Mr. Haviland had lived in a melancholy gentility on a pension which died with him, and at his death the children were left with nothing but the pittance they inherited from their mother. When the family met in solemn conclave to decide the fate of Katherine and Ted, it learned that Katherine, true to her old principles, had taken the decision into her own hands. She meant to live for art and by art, and Uncle James was much mistaken if he thought that an expensive training was to be flung away upon a "niggling amateur." At any rate, she had taken a studio in Pimlico and furnished it, and as she had come of age yesterday, there was really no more to be said. Ted, of course, would live with her, and choose his own profession. But Ted's profession was not so easily chosen. The boy had brought a perfectly open mind to the subject, and discussed the reasons for and against the Church, the Bar, the Bank, and a trade, with admirable clearness and impartiality; but when invited to make a selection from among the four, he betrayed no enthusiasm. Finally he was asked if he had any objection to the medical profession, and replied that he had none, having, indeed, never thought about it. On the whole, he considered that the idea was not a bad one, and he would try it. He tried it for a year and a half, but not altogether with success. He had been advised to take up surgery, for a great man had noticed his long sensitive fingers, and told him that he had the hands of a born surgeon. He managed to get through the hours in the dissecting-room, standing on his head from time to time as a precaution against faintness; but his heroism gave way before the horrors of the theatre. Soon, with indignation naturally mingled with pleasure at this fulfilment of its own predictions, the family heard that Ted had flung up the medical profession. That the boy had the hands of a born surgeon was considered to be an aggravation of his offence; it constituted it flying in the face of Providence. When Ted drew attention to the fact that he had passed first in Comparative Anatomy, his uncle James told him that stupidity was excusable, and that his abilities only proved him a lazy good-for-nothing fellow. He then offered him a berth in his office, with board and lodging in his own house; and as Ted was in low water, there was nothing for it but to accept. Mr. James Pigott remained master of the situation, without a suspicion of its pathetic irony. Ted, whose intellect was incapable of adding two and two together, had to sit on a high stool and work endless sums in arithmetic. Ted, whose soul was married sub rosa to ideal beauty, had to live in a house where every object had the same unwinking self-complacent ugliness, and where the cook was the only artist whose genius was appreciated. Ted was a little bit of a Stoic, and he could have borne the long impressive dinners and the unstudied malice of the furniture, if only his uncle would have let him alone. But Mr. Pigott was nothing if not conscientious; and now that he had him under his thumb, he made superhuman efforts to understand his nephew's character and to win his confidence. The poor gentleman might just as well have tried to understand the character of an asymptote, or to win the confidence of a Will-o'-the-wisp; and nothing but misery can come of it when a middle-aged city merchant, born without even a rudimentary sense of humour, suddenly determines to cultivate that gift for the benefit of a boy who can detect humour in the wording of an invoice.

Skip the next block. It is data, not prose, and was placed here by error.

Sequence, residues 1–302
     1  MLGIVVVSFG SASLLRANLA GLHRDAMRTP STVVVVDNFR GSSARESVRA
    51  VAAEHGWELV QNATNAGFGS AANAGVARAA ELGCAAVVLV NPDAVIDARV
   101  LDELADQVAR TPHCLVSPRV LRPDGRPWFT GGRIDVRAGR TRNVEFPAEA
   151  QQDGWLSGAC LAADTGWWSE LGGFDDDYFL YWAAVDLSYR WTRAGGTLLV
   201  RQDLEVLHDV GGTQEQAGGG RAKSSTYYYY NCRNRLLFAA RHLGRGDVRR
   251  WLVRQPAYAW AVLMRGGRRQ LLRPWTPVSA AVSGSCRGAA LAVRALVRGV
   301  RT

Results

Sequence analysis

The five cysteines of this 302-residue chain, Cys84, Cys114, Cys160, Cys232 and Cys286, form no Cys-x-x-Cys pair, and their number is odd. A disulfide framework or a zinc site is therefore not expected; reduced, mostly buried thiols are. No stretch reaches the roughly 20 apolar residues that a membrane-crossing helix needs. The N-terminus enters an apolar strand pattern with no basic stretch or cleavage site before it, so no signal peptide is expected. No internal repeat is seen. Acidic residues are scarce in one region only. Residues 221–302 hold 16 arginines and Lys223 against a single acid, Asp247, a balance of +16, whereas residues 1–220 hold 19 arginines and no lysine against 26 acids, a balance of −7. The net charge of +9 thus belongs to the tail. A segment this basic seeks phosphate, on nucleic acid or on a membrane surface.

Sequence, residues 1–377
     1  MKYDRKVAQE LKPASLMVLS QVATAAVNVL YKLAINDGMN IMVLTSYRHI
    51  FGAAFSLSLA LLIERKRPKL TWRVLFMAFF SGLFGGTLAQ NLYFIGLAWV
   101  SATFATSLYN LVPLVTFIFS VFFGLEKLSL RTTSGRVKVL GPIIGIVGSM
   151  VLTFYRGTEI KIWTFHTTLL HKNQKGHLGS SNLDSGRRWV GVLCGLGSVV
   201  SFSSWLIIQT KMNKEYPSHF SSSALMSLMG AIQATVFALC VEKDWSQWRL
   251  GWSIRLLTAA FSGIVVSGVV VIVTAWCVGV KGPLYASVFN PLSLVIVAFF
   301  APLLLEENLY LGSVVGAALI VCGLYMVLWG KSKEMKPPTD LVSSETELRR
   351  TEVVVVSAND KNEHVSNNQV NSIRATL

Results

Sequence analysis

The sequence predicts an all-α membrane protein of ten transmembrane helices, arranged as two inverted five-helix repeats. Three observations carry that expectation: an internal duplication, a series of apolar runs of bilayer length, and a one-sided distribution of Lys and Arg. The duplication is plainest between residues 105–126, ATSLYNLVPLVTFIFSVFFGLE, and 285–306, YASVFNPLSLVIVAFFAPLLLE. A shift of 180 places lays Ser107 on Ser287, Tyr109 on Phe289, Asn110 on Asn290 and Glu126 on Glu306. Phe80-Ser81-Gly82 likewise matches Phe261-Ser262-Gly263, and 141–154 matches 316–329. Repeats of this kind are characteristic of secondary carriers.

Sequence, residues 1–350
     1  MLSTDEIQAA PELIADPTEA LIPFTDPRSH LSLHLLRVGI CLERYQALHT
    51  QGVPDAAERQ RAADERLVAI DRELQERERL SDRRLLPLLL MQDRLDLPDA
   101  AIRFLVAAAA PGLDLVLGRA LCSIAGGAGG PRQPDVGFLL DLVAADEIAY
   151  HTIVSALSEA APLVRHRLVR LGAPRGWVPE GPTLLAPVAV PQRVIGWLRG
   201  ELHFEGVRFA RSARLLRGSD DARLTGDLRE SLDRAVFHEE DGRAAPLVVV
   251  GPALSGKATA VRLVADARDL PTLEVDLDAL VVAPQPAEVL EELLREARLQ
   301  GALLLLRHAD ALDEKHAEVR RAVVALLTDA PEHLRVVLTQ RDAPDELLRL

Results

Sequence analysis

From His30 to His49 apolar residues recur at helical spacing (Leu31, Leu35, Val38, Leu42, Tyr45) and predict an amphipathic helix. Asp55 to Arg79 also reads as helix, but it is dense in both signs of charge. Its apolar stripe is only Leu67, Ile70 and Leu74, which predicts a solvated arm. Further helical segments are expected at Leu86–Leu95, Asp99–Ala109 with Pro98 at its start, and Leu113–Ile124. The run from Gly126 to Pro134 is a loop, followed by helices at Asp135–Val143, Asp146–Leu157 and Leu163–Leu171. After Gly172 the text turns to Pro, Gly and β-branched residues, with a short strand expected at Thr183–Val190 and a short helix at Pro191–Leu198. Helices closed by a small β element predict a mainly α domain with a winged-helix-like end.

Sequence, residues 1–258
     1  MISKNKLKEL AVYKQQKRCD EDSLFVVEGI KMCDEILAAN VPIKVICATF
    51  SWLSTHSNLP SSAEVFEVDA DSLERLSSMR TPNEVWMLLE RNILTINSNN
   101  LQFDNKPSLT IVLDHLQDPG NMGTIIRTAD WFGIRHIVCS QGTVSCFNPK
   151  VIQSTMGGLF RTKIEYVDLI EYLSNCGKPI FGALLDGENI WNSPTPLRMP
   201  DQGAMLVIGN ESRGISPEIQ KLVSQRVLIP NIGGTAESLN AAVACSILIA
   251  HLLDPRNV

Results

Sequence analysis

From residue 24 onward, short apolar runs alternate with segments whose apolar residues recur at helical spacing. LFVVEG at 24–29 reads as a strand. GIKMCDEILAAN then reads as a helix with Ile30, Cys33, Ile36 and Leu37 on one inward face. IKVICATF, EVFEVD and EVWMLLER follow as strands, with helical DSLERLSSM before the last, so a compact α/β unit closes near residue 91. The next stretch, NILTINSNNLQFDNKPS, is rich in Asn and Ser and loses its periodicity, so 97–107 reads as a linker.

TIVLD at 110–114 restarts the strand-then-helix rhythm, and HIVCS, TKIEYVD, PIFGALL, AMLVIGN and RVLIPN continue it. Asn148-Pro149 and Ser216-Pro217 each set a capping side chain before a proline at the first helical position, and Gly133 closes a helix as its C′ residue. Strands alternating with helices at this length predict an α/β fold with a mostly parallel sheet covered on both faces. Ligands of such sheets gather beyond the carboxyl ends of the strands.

Well, he never knew how it happened—his mind might have been running on an illustrated edition of the cash accounts of Messrs. Pigott & Co.—but at last Ted made an arithmetical blunder so unprecedented, so astounding, that a commercial career was closed to him for ever. "Stupidity is excusable," said Uncle James. "If you had been stupid, I would have forgiven you; but you have ability enough, sir, and it follows that you are careless—criminally careless—and I wash my hands of you." And, like Pilate, he suited the action to the word.

So it happened that as Katherine was putting the last touches to her great picture "The Witch of Atlas," and to her sketch of an elaborate future, Fate stepped in and altered all her arrangements. She called it Fate, for she never could bring herself to say it was Ted. For months she had been living in a dream, in which she was no longer a poor artist toiling in a London garret: she was on the highest peak of Atlas, in the land where, as you know, dreams last forever, where the light comes down unfiltered through the transcendental air, and where, owing to the unmelting ice and snow, the shadows are always colours. To live for art and by art—she had not yet realised the incompatibility of these two aims; for Katherine was as uncompromising in this as in everything else, and refused to work in a liberal and enlightened spirit. She believed that beauty is the only right or possible or conceivable aim of the artist, and she was ready to sacrifice a great deal for this belief. For this she slept and worked in one room, which she left bare of all but necessary furniture—under which head, in defiance of all laws of political economy, she included a small Pantheon of plaster deities: for this she stinted herself in everything except air and exercise, which were cheap; and for this she refused to join housekeeping with her cousin Nettie, thereby giving lasting offence to an influential branch of the family. At the end of three years she had begun to hope, and to feel the quickening of new powers; and as her nature expanded, her art took on a subtler quality, a subdued and delicate sensuousness, which, it must be owned, had very little in common with the flesh and blood of ordinary humanity.